ive been experiencing what seems to be dry steam . as i hit eq and conditioning steps ,i introduce spray, mc's lows around 6% , set up eq to run170/141,144 ,a 6%,6.4% emc .only to come back to find lower than setpoint emc moisture content ! i've checked ,i think , the obvious, bulb accuracy,vents hanging open, ect. it seems to be intermitant,although it does happen in all 20 kilns. had a hurst boiler tech on site , said boiler ops looked good . tend to run approx. 100 psi fairly consistant. has anyone else experianced this?
From contributor Ge
This is common with higher pressure steam in well insulated kilns. Although the steam pressure is reduced to atmospheric when it enters the kiln, the steam still has the heat of 100 psi. This extra heat is called superheat.
Perhaps the best way to get rid of this heat is to use a desuperheater just before the steam enters the kiln. A desuperheater is a device with a small chamber that has liquid water in it. The steam enters the chamber prior to entering the kiln. The water uses any superheat to make additional steam. More water is added, as needed. The end result is steam at 212 F that is "wet" or saturated that goes into the kiln.
Older kilns were not well insulated, so the superheat would be lost through the walls and roof mostly.
Alternatively, you can reduce the steam to several psi near the boiler and run a separate spray line to the kilns. This line would not be insulated so the superheat is lost on the run from the boiler to the kilns (hopefully, a long run; short runs will not work well). This cooling may not work too well with the large number of kilns you have, however, unless you have several steam supply lines running from the boiler to the kilns for spray steam.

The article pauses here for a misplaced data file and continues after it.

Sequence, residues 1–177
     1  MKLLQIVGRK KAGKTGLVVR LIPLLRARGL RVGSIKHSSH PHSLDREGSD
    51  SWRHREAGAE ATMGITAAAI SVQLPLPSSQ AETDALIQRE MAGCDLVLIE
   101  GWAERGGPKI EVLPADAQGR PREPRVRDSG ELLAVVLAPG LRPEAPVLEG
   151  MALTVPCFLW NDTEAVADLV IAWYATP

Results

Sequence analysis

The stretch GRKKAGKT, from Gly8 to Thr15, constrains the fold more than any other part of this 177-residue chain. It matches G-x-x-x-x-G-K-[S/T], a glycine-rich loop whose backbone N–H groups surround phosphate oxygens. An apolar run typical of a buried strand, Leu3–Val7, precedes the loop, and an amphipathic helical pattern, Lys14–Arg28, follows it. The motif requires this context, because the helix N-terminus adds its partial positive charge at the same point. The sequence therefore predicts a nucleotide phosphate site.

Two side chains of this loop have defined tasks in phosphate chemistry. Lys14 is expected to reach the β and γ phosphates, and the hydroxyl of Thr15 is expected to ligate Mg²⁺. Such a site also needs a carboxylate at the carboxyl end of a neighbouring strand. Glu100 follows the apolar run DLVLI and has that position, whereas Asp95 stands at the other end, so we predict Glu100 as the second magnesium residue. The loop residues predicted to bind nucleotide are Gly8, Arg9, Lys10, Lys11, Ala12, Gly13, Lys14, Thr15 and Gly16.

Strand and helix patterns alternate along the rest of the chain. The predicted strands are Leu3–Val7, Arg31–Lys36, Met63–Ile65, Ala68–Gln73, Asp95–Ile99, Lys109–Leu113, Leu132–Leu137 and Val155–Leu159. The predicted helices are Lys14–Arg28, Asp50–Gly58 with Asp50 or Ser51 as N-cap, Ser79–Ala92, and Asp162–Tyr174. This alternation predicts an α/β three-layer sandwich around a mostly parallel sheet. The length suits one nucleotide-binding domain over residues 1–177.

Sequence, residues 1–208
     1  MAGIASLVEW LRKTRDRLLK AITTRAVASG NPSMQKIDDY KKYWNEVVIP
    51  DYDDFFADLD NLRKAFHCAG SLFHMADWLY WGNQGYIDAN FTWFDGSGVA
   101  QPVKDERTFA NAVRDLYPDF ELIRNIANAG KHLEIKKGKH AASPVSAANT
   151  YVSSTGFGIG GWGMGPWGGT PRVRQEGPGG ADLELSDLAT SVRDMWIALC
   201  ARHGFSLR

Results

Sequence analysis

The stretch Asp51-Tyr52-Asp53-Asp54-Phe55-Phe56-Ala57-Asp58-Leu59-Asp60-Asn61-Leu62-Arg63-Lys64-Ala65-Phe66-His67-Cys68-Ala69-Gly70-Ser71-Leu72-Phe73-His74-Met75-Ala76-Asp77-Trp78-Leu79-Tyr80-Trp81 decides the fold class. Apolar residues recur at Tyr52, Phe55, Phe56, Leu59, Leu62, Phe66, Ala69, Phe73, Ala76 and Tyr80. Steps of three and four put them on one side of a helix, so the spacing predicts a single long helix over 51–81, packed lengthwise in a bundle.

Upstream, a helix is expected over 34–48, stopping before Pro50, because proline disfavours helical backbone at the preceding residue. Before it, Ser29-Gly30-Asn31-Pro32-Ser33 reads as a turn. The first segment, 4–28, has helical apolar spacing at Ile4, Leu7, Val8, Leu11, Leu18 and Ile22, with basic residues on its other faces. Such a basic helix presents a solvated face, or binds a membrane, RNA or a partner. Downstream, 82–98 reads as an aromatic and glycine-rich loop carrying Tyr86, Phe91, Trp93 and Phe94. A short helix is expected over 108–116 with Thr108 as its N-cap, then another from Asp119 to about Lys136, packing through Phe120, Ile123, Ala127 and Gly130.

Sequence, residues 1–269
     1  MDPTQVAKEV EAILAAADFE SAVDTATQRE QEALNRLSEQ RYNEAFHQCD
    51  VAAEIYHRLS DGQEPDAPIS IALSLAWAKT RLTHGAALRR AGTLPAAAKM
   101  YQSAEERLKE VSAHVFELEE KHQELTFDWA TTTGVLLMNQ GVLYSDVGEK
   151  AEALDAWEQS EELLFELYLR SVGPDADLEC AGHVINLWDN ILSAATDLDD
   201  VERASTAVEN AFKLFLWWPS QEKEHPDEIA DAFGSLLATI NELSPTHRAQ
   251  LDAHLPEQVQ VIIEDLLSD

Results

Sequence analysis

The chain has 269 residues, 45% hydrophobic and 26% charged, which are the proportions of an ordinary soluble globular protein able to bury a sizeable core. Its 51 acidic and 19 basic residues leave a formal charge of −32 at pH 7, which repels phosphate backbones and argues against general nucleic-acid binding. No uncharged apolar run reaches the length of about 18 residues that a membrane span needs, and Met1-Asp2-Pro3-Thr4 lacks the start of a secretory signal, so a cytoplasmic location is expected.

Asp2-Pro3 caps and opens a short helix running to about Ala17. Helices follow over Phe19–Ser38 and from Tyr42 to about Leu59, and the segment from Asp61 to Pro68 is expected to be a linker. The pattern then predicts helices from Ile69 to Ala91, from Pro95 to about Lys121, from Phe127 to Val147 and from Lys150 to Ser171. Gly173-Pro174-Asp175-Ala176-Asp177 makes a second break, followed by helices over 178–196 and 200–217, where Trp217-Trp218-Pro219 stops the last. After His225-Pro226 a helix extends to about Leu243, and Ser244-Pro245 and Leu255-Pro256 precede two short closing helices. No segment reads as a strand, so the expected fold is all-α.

When the superheat problem is not too big (maybe with a 15 psi boiler), you can use the heat to increase the dry-bulb. So, if you finish the main schedule at 160 F and equalize at 170 and 140, use the superheat to get the DB up to 170 rather than the heat in the heating coils. Likewise, for conditioning at 180 and 170, use superheat to get to 180 F.
From contributor ke
Gene,thank you for the response .there have been several options discussed with management , including desuperheaters,prv's at the kiln,(globe valve's presently) .among other options.With the argument , we've not had any problem until approx. six weeks ago,and thats what throws me!kilns performance was pretty strait forward up to then .
From contributor Ge
It will be more common when an adjacent kiln is operating at a high temperature, as that slows the heat loss.
I would check for an open trap, as that would keep the hottest steam coming into the kilns and therefore more superheat. Also, maybe you had a return water issue a few months ago that limited steam flow, but now that is no longer, so you are getting hotter steam. Obviously, something changed and I am just guessing at a few possibilities.
Again, increasing the DB using the superheat will work, as mentioned in the past paragraph of my response above. It will even work at 100 psi, but you may have too much heat for total success.
I do on-site consulting if you need additional help.